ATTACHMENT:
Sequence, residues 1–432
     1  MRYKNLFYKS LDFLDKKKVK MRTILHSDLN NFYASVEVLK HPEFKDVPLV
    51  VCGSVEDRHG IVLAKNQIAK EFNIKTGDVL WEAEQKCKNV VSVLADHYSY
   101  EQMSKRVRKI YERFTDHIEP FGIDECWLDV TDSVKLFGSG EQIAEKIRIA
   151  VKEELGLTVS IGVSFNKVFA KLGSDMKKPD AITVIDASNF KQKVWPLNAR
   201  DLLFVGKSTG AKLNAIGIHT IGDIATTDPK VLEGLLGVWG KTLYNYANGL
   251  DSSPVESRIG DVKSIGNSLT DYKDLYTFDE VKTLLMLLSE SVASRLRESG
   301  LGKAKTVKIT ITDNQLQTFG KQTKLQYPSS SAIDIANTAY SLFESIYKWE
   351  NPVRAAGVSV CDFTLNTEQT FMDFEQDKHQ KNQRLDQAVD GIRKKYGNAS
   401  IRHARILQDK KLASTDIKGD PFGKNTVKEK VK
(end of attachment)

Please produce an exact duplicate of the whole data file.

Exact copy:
Sequence, residues 1–432
     1  MRYKNLFYKS LDFLDKKKVK MRTILHSDLN NFYASVEVLK HPEFKDVPLV
    51  VCGSVEDRHG IVLAKNQIAK EFNIKTGDVL WEAEQKCKNV VSVLADHYSY
   101  EQMSKRVRKI YERFTDHIEP FGIDECWLDV TDSVKLFGSG EQIAEKIRIA
   151  VKEELGLTVS IGVSFNKVFA KLGSDMKKPD AITVIDASNF KQKVWPLNAR
   201  DLLFVGKSTG AKLNAIGIHT IGDIATTDPK VLEGLLGVWG KTLYNYANGL
   251  DSSPVESRIG DVKSIGNSLT DYKDLYTFDE VKTLLMLLSE SVASRLRESG
   301  LGKAKTVKIT ITDNQLQTFG KQTKLQYPSS SAIDIANTAY SLFESIYKWE
   351  NPVRAAGVSV CDFTLNTEQT FMDFEQDKHQ KNQRLDQAVD GIRKKYGNAS
   401  IRHARILQDK KLASTDIKGD PFGKNTVKEK VK